Lecture 6: Question Answering

Comment on clustering and page rank: Teoma, which powers AskJeeves, seems to be claiming to do the following:(a) clustering documents (b) computing page rank within cluster.

Suggested reading

Scaling Question Answering to the Web Cody Kwok, Oren Etzioni, and Daniel Weld.
Question Answering in Webclopedia Ed Hovy et al. (CiteSeer Reference Page)
Web Question Answering: Is More Always Better? Susan Dumais et al. (CiteSeer Reference Page)

Natural Language Query: Document retrieval

Google etc. "Allow" natural language queries; strip off stop words, process as ordinary query.
AskJeeves. No clear description offered. Extensive manual editing of important web pages.

Natural Language Query: Information retrieval

QA: Text(s) vs. query, both in NL.

2 approaches.
1. Interpret entire text into representation. Answer query from representation.
2. Skim text for promising passages. Search for answer in passages.

All the usual difficulties and issues of NL (e.g. ambiguity, paraphrase, combining information across sentences, inference).

Problems specific to QA

Answer categorization. Consider e.g. "Who" questions, where the answer is always a person or set of people (or anthropomorphized entity, but we'll skip that.)

Note: Genuine ambiguity (i.e. not resolvable by human understander) much more common here than in most kinds of text. Must be resolved by user interaction.

"When" and "where" questions just about as problematic to categorize. "What", "Which", "How", and "Why" much harder. At least Yes/No questions are easy to categorize.

Non-sentence information in documents (e.g. tables.) Seems as though it might be easier; actually probably harder.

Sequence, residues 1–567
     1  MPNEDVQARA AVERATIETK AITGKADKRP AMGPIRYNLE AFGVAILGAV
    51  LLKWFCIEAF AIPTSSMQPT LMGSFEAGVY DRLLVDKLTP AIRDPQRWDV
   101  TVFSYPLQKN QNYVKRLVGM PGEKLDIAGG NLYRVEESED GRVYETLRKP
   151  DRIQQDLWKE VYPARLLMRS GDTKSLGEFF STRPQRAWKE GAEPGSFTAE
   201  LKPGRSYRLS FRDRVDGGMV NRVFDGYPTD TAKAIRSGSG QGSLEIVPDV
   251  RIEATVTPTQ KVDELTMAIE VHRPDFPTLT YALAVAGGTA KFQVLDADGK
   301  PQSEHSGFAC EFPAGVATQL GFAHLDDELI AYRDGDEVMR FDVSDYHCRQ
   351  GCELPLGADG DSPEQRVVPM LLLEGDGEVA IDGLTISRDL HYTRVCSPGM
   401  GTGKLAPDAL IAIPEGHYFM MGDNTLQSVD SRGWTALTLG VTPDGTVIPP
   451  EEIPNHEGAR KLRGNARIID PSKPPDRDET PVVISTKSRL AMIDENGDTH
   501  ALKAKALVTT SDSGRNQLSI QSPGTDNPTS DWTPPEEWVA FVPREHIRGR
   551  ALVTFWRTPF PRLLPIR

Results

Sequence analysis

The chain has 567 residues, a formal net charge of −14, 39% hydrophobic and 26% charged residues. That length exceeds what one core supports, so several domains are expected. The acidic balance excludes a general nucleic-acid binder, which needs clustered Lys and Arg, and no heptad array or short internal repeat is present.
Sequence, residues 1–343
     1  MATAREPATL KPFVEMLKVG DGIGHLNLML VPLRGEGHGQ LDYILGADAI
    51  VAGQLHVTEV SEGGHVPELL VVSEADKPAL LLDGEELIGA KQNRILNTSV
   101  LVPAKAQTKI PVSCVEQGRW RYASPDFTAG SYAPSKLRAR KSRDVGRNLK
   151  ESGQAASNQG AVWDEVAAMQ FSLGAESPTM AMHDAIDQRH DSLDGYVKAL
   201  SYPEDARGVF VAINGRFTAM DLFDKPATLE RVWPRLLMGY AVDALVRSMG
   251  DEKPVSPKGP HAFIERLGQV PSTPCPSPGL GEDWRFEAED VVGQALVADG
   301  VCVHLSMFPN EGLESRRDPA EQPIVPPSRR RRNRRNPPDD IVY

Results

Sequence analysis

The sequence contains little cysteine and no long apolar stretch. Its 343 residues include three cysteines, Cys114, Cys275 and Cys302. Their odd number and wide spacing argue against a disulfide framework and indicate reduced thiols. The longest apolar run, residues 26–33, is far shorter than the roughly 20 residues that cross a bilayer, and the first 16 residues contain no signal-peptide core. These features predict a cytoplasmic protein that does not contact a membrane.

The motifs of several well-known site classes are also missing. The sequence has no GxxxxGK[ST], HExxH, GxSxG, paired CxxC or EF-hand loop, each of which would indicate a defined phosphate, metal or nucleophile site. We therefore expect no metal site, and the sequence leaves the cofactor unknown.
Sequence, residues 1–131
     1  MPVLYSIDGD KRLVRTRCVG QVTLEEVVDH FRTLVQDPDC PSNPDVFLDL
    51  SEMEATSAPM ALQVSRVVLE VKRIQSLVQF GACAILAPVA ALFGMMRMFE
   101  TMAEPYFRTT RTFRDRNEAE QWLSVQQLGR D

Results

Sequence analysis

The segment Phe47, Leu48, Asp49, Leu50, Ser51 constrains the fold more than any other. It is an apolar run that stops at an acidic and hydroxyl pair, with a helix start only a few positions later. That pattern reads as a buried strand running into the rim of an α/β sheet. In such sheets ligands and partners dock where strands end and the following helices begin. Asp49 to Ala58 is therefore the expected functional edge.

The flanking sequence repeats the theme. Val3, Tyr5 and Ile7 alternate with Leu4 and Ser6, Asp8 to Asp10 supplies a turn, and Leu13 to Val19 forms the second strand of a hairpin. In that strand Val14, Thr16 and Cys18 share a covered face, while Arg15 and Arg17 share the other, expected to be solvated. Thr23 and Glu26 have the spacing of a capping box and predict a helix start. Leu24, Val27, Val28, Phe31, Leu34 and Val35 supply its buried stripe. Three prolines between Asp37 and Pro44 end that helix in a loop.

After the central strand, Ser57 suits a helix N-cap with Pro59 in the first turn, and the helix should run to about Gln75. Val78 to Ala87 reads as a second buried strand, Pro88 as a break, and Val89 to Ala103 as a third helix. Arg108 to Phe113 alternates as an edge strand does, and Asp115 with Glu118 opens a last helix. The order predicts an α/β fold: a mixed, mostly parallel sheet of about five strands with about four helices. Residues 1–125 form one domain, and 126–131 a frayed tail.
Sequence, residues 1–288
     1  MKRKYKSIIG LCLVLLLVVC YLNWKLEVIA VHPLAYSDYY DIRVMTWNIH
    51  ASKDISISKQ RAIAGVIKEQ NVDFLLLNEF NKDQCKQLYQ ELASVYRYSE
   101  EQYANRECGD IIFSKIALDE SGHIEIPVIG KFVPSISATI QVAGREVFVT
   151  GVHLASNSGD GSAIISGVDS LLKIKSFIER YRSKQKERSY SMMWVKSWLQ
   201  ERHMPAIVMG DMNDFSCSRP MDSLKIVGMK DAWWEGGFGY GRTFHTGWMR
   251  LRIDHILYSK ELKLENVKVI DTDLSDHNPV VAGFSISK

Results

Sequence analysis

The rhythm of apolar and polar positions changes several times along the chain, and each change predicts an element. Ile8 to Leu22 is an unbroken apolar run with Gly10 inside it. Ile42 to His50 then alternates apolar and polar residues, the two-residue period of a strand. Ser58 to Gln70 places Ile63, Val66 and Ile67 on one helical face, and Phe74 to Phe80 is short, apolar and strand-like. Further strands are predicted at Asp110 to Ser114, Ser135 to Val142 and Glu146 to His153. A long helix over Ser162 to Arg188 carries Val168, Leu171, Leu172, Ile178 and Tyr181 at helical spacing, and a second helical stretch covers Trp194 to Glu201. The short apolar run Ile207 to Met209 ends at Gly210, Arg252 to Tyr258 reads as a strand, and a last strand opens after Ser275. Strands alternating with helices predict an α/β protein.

Rather than try to generate a well-worded answer, QA systems generally try to return a small segment of text that contains the answer. The wider the window of text allowed, the more reliably this can be done. (e.g. in TREC-9 there was "short answer" of 50 bytes and "long answer" of 250 bytes; long answer often 50% more accurate than short answer.)

Problems specific to QA on Web

Unreliability of information more a problem than in standard document retrieval. Engine giving an answer to question naturally read as endorsement of answer.

Immense volume makes approach of preprocessing all pages into information store (as in START system)


(Cody Kwok, Oren Etzioni, Dan Weld)

General Components:

Specific components

Question classifier

Want to identify three categories of questions Four syntactic categories:

Query formulation:

1. Search for target sentences.
E.g. Question is "Who was the first American in space" search for "The first American in space was ..." (Presumably also query on separate keywords?)

2. Various reformulations at different levels of generality.

4 search engine queries on average.

Summary extractor

Extract up to 40 word chunks containing query keywords, if possible at sentence boundaries. Evaluate using giving high scores for many keywords presented together. Select N best summaries.